Posts Tagged ‘trade-off’

New article on the trade-off between transparency and efficiency

Friday, February 22nd, 2019

A new article in the Journal of European Public Policy takes a closer look at the purported trade-off between transparency and efficiency.

The tension between transparency and efficiency in the context of the Council of the European Union is as often invoked as it remains unclarified. In a new article in the Journal of European Public Policy, Stéphanie Novak (Ca’Foscari University Venice) and Maarten Hillebrandt (Bielefeld University) ask to what extent these two sources of legitimacy are really incompatible as is so routinely claimed, by exploring the premises and the coherence of the trade-off argument. They argue that the argument is unclear at its core because of the multiple meanings of efficiency. Upon a closer examination of the logical premises of the various claims postulated in defence of the presence of a trade-off, they further find that while the trade-off is in some instances more plausible than in others, transparency does not necessarily threaten efficiency and can sometimes even increase it. The presumed correlation between secrecy and efficiency, on which the trade-off is implicitly based, can also be questioned, not only on theoretical but also on empirical grounds. The authors conclude that, all in all, the trade-off argument forms a generally contingent and often questionable basis for limiting transparency.

The article can be accessed here.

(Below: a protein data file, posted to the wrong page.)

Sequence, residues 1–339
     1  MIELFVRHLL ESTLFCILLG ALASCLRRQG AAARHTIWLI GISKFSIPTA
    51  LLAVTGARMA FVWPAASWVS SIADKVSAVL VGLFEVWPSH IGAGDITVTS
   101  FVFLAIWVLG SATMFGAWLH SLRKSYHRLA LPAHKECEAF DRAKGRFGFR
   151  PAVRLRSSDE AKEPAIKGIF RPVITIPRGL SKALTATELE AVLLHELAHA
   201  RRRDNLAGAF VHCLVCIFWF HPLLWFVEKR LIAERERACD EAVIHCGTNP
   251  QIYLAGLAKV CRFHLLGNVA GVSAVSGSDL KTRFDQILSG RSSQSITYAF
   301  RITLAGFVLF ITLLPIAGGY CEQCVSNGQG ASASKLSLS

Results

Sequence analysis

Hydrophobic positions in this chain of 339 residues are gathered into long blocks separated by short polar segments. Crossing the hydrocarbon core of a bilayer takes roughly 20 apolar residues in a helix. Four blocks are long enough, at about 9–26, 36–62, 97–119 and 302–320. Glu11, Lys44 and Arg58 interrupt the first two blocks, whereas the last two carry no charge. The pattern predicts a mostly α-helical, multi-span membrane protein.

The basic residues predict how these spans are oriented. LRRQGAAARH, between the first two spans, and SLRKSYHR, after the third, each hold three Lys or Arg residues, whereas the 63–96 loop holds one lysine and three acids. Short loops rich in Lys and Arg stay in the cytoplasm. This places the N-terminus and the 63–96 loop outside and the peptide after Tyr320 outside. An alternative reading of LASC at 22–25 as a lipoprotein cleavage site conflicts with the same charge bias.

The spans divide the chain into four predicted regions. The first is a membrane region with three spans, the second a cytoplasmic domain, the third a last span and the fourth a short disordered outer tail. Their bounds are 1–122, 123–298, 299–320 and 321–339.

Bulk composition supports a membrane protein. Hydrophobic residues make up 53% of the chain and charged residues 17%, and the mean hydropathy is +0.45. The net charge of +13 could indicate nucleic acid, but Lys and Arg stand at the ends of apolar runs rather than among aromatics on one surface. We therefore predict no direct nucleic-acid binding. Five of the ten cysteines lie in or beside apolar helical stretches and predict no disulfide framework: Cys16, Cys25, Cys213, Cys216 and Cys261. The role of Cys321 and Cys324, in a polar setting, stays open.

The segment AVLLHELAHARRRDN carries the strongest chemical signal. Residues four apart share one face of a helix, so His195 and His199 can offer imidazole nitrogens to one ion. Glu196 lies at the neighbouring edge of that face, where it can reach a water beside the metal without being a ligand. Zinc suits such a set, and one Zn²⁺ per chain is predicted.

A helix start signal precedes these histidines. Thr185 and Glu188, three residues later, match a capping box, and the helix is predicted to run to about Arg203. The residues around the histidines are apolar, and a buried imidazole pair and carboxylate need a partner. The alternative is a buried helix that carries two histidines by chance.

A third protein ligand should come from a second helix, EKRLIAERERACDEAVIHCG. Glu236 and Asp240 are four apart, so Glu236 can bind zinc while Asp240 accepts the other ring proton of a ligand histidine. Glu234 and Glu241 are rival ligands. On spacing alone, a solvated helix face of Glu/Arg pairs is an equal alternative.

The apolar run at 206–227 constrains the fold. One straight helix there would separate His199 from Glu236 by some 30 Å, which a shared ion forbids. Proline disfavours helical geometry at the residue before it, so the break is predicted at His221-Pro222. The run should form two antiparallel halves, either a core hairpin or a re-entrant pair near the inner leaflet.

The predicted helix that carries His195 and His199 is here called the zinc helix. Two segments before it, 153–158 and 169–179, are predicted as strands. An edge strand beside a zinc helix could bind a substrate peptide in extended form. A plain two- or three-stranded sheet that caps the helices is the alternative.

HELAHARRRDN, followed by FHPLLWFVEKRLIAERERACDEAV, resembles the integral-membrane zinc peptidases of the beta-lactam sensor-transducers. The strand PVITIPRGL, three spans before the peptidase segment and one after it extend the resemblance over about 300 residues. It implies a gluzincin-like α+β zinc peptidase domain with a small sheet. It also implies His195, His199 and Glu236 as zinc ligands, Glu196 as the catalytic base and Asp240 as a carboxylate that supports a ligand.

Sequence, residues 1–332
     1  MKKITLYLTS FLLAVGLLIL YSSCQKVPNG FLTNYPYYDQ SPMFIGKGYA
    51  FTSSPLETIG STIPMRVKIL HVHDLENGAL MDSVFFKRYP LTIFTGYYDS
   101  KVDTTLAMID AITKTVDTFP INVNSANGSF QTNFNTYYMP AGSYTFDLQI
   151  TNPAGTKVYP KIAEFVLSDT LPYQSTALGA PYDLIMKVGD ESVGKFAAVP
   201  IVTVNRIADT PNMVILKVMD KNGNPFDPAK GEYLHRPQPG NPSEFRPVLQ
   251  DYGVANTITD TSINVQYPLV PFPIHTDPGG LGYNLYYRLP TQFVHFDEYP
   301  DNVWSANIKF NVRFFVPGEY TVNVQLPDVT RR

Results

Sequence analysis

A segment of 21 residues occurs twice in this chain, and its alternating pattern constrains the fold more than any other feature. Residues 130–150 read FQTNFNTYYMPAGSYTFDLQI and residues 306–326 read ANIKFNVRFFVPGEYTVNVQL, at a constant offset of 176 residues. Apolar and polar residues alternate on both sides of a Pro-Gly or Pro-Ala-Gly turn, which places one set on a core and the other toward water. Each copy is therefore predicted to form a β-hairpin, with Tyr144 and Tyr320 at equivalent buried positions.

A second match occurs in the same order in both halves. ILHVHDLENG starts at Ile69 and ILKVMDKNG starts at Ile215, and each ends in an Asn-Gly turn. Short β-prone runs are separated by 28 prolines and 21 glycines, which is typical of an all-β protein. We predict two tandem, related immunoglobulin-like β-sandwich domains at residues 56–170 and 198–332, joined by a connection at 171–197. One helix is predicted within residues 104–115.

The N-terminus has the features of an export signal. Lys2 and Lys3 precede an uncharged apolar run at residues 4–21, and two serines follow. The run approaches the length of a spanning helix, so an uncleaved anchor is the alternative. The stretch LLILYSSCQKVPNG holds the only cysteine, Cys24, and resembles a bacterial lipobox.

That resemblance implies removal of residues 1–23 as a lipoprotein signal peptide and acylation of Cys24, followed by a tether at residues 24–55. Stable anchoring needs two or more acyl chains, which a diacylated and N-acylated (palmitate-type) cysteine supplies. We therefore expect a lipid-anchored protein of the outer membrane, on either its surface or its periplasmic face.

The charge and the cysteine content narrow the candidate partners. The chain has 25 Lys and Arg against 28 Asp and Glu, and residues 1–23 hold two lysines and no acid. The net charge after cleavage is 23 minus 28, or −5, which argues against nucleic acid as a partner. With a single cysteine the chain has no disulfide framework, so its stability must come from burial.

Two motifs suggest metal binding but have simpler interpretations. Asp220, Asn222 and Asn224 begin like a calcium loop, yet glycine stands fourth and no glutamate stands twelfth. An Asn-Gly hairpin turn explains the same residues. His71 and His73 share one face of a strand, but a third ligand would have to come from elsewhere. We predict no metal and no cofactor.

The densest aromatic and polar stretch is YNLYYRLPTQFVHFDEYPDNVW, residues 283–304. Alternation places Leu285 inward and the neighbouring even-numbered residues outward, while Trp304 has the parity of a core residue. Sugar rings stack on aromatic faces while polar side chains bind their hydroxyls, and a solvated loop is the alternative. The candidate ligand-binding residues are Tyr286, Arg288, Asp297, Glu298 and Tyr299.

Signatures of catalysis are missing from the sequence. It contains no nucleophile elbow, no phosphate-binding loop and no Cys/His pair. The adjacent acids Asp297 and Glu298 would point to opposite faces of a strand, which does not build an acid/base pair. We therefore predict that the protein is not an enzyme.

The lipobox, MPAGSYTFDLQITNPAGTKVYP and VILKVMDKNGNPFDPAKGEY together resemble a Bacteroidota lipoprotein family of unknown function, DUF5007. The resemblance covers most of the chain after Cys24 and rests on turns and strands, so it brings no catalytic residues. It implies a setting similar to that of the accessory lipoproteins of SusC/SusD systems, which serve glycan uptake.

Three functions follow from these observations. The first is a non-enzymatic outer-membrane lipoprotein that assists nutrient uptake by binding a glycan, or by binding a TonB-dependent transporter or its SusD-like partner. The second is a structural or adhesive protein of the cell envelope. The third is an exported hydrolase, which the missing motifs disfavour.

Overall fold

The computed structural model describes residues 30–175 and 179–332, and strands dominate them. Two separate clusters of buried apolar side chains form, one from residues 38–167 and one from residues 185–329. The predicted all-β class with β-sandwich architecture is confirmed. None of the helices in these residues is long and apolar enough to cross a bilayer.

Discussing the space to think in the context of the European Council

Thursday, November 20th, 2014

ceulogo_0_1Does transparency come at the expensive of efficient decision-making? The case for a trade-off between and open and efficient decision-making has certainly been made on innumerable occasions. But whether it is in fact well grounded has, surprisingly, been subjected to rather limited systematic scrutiny.

Political scientist Stéphanie Novak (Université Catholique en Lille) and Open Government in the EU researcher Maarten Hillebrandt (University of Amsterdam) have now begun to systematically explore the case for a non-transparent “space to think” that is systematically invoked by the European Council, and Council – purportedly in order to safeguard the efficiency of their respective decision-making processes. They will present a paper on this topic at a workshop on the centrality of European Council and Council decision-making organised by the Central European University, Budapest.

The European Council has increasingly come to the fore as a constitutionally anomalous yet powerful executive institution of the European Union. This has aroused an increasing interest from the social scientific and legal researchers, among them the researchers of the Open Government in the EU research group, who investigate its transparency and accountability arrangements (see more under publications). -MH